But now, he’s a bit spooked after realizing that chatbots really “get” language, can share what they learn super easily, and might even outsmart our brains in learning. Machines, Hinton reckons, might even get a leg up on humans in the smarts department in the next few decades. And if they decide to play coy about their true powers, we might be none the wiser.
On good days, Hinton thinks maybe, just maybe, we can get AI to play nice. But sometimes he’s not so sure and wonders if humans are just a pit stop in the evolution of smarts. And, in a cheeky twist, Hinton jokingly says if we handed the reins to Bernie Sanders, things would probably be hunky-dory. His ex-bosses at Google might be sweating bullets over that one.
Brilliant Labs Unveils arGPT Monocle for iOS
Brilliant Labs just dropped some smart glasses that work with Apple’s gear. You slap ’em on and chat with AI, kinda like a hands-free Google. It’s like having a mini-computer on your face, helping with your day-to-day stuff. If you’ve used ChatGPT before, you know the drill. These glasses help with tasks like real-time translation, research, and even reading off a teleprompter. They’ve got mics, a solid camera, and they connect via Bluetooth.
The company’s been getting some serious cash from big tech names, like folks from Oculus and the guy who made Siri. Their goal? Make the whole human-computer connection better with these AI glasses. Right now, they’re showing off their tech at a big event in L.A., where other tech giants are bringing their A-game. And, fun fact, some Stanford students already used Brilliant Labs’ tech to make their own smart glasses.
Genies adds AI to its personalized avatars for celebrities
Genies, a digital avatar company, is jazzing things up by introducing AI avatars for big names in showbiz. These aren’t just any avatars, though. They can have genuine, adaptive chats and interactions that are all about learning and personalization.
Genies have been around for a bit, becoming the go-to for celebrities to create their animated digital doubles. With this AI boost, these celebs can now have their digital versions join Genies’ new social network that’s dropping this fall. The cool part? Users can have real-time, tailored interactions with these avatars – from chats to gameplay. Celebs can now also train their avatars to have unique personalities and interactive gameplays.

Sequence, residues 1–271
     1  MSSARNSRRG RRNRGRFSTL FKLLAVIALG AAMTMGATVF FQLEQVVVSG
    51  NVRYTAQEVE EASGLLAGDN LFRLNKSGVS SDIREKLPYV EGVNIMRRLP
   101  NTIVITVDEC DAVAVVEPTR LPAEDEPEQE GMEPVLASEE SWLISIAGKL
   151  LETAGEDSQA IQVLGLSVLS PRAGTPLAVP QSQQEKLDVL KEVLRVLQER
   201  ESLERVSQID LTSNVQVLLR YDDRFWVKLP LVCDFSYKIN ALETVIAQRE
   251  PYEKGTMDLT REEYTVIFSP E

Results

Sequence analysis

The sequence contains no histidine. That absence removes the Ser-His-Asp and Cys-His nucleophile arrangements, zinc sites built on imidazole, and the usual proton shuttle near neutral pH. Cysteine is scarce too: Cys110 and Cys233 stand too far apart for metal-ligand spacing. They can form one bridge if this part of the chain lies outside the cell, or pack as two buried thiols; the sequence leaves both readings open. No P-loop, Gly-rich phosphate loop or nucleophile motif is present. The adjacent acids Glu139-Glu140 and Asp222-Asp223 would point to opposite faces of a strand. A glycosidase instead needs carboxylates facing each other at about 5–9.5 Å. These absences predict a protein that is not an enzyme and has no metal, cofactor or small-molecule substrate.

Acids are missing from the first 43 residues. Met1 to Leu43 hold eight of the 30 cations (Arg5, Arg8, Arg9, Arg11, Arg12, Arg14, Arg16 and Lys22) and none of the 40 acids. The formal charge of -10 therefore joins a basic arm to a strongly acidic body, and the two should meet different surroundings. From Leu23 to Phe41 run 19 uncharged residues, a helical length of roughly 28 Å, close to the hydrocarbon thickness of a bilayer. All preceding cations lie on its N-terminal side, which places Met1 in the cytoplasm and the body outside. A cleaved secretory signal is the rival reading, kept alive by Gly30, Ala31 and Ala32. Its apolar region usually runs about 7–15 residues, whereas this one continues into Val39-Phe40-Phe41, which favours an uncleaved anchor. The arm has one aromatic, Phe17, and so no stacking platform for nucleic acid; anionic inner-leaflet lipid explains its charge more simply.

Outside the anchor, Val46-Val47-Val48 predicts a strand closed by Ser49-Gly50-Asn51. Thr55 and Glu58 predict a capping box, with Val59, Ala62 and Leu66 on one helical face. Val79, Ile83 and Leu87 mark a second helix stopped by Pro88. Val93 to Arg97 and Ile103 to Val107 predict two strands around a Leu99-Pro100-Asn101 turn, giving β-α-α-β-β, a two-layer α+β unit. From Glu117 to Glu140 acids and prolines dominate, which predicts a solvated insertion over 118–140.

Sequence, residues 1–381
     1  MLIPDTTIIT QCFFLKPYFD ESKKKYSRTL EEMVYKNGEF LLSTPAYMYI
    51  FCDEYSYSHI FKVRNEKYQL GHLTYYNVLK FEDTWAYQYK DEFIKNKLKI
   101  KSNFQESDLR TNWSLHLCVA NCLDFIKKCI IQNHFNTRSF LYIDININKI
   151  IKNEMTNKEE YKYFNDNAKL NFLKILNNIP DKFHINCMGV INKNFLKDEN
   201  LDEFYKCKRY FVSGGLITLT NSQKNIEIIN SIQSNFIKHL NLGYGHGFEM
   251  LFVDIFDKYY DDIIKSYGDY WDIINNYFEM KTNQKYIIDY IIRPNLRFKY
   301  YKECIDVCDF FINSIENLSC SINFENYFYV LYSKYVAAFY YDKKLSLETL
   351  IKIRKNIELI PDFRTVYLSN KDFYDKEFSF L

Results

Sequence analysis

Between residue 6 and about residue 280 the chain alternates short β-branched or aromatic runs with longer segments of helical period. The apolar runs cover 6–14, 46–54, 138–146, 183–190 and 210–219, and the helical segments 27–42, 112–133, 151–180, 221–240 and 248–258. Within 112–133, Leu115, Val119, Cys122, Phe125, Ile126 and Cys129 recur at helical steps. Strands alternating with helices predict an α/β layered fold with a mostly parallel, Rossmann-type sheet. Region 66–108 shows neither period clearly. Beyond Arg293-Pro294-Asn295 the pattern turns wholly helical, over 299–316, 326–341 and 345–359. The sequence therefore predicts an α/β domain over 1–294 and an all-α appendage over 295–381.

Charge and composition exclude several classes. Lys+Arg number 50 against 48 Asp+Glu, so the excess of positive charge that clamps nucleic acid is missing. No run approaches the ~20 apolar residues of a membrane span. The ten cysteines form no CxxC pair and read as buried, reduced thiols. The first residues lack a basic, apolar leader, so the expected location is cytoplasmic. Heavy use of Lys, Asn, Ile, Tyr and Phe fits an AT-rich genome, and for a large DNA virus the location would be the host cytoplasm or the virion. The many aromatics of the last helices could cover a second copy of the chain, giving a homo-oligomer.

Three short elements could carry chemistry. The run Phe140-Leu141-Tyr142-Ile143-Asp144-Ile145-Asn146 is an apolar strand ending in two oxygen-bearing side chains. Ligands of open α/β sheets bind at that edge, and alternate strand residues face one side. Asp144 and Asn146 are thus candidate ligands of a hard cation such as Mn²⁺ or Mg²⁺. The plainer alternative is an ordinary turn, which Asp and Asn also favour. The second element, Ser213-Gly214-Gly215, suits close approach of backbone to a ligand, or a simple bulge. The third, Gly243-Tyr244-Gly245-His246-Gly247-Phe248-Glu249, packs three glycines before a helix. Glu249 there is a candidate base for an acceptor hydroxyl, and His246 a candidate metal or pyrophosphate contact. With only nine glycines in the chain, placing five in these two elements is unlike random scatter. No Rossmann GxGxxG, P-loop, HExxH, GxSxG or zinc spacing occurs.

Genies recently gave college devs a toolkit to come up with mini-games that’ll be part of this big avatar-based social hub. So, imagine playing a game and suddenly, Shawn Mendes’ avatar pops up and you start unlocking new game levels just by talking to him.
Catch+Release is building an AI-powered search engine to help brands license user-generated content
Catch+Release, a San Francisco startup, is on a mission to help brands find and license content from everyday users. This company aims to be a one-stop-shop for brands seeking user-made images or videos. Instead of hiring a photographer or diving into stock photo sites, brands can now tap into content folks are already posting online.
How’s it work? The platform gives marketers tools to search and save content. When a brand spots a photo or video they like, Catch+Release looks at it closely – checking for other brand logos, gauging content sensitivity, counting people in it, etc. – and gives it a “can we license this?” score. If it’s good to go, they reach out to the person who made it, walk them through the licensing ropes, and make an offer.
EverestLabs is using robotic arms and A.I. to make recycling more efficient
EverestLabs is jazzing up the recycling game with AI and robot arms, making the process smoother and faster. The old way had folks sorting through trash, trying to tell a milk carton from a beer can. But now, AI can spot the difference, quick as a flash. Thanks to this tech, recycling plants are spotting more valuables in their trash, which used to mean lost cash.
These smart cameras can see and ID hundreds of items in a blink, helping grab more recyclables. The robot arms? They’re on point, grabbing stuff even better than we can. It’s a win for the big recycling companies since they can cut down on labor costs. And speaking of cash, EverestLabs is sitting pretty with a cool $24.6 million in funding.